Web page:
Back to the Gaeltacht: an adult emigrant returns to learn Irish

Michael McCaughan visits three Gaeltachtaí as he attempts to regain his teanga náisiúnta

‘I am off to the Gaeltacht for a week.” My announcement is greeted with the adulation normally reserved for volunteers heading to the orphanages of Kolkata. “You are so brave,” says one friend.

The flipside of acclaim is the assumption of a hidden agenda. “Is that some sort of dating agency?” asks another.

My previous affair with the Irish language climaxed with a summer fling in the 1970s in Baile Mhúirne, Cork, at 12 years of age. Since then I completed the Leaving Cert (a B in honours Irish) but shortly afterwards took off for Latin America. I have lived most of my life there, working as a journalist, and have learned to speak Spanish fluently – but have barely spoken a word of Irish.

The road back to the teanga náisiúnta began around two years ago, when I started listening to Raidió na Gaeltachta online.


Lately the language has come over me like a fever, prompting decisive action: a return to Tobar na Gaeilge, the source. I have chosen to spend part of this summer back in Ireland visiting three Gaeltachtaí, in Donegal, Galway and Kerry. All three host Irish language courses for adults.

As I pull into Baile an Fheirtéaraigh, Co Kerry, heart of the Corca Dhuibhne Gaeltacht, I ask a couple of locals for directions, as Gaeilge. They start talking in Irish but quickly switch to Béarla. I feel rejected.

Inside the brand new Ionad Gaeilge, a custom-built language centre formally opened the previous week, teacher Bernie Pháid awaits. I have been assigned to a meánleibhéal course, where reasonable competence is assumed. Bernie soon has the 18 of us on our feet and chatting in what might charitably be described as pidgin Irish.

There are as many motives as learners on the course. “Bhí ocras na teanga orm,” says Paul, a poet from Cork. (“The hunger of the language was upon me.”) The size of the class and the poor acoustics make it tough for the múinteoir but Bernie, an accomplished singer, brings the language to life with snatches of local songs and scéalta. Her passion is contagious.

Making mistakes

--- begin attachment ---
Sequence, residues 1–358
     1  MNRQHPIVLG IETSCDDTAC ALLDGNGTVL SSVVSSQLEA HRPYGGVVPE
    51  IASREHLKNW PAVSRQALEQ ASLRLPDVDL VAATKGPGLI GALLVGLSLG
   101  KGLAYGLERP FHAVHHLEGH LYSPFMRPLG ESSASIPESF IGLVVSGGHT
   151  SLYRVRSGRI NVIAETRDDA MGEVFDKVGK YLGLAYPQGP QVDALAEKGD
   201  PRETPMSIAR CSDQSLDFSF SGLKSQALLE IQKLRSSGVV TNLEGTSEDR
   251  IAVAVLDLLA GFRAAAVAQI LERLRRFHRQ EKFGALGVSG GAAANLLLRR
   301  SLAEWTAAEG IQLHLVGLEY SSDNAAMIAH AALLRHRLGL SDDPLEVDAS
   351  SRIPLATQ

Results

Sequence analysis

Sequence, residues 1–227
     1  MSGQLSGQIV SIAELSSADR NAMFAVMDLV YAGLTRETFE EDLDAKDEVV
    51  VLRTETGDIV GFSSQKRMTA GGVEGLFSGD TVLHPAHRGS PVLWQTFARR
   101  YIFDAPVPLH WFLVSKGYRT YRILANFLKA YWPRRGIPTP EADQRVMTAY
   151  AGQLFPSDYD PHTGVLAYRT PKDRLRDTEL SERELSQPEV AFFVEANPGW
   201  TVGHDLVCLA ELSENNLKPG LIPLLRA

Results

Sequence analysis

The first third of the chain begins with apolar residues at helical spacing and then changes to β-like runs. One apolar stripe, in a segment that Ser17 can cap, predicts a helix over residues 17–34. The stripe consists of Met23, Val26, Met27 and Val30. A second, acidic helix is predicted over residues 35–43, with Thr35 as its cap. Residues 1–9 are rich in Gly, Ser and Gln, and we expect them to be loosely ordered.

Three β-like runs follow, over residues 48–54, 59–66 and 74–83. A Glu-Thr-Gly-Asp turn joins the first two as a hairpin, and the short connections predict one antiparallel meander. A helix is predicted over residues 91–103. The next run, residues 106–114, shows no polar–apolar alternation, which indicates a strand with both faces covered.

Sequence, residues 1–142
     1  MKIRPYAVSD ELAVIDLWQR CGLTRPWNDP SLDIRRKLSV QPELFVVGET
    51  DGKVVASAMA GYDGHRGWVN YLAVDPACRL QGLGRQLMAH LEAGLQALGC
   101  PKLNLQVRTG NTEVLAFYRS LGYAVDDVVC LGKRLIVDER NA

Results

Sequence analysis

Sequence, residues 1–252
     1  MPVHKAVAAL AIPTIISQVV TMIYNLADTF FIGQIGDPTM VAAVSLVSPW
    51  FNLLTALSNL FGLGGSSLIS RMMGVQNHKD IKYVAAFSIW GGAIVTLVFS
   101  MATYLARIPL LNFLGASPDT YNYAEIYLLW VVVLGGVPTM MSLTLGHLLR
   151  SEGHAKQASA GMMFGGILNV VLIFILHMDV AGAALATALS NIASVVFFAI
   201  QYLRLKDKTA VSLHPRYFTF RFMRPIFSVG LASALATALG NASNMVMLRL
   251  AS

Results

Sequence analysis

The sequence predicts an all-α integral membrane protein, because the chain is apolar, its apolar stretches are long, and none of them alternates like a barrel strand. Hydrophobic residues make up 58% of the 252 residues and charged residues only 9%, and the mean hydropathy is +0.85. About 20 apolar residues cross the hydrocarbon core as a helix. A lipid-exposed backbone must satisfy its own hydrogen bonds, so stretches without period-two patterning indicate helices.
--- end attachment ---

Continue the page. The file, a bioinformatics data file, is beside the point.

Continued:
The week passes in a flash and I know more work is required. I have also signed up for a course at Oideas Gael, Donegal’s well-known language centre which has hosted Mary McAleese, Daniel O’Donnell and other luminaries in recent years.

Director Liam Ó Cuinneagáin has watched the organisation grow from 34 adult students in 1984 to 1,200 last year. A psychologist and educator, Ó Cuinneagáin profiles each learner, adapting courses and welcoming students from abroad.

“Irish people perk up when they see a Belgian or Russian in the same class as them, learning the language, making mistakes,” he says.

Oideas means “formula”, and a key principle is that relaxation and lack of pressure are central to the learning process.

I find myself sharing a house with two Irishmen and a young US student from Notre Dame University, Indiana. Jack has all the right throat sounds and embarrassingly good grammar yet he sees nothing noteworthy in his progress, the product of two years of a degree course in Irish in Notre Dame.

Our teacher Diarmuid Johnson points out our flat English-inflected pronunciation, “the wet sandwich”, he calls it, that results in pronunciations like “‘taw gaylge agum”.

Sounds of the language

Johnson arrives into class without notes and spends some time staring out the window. The first surprise? He is from Connemara, not Donegal. The next surprise? We spend two hours savouring half a dozen phrases, ungluing sounds, working out where they are produced in the throat, mouth and chest.

Johnson effortlessly deconstructs fuaimeanna na Gaeilge, the sounds of the language, before getting us to put them back together. Listen and repeat.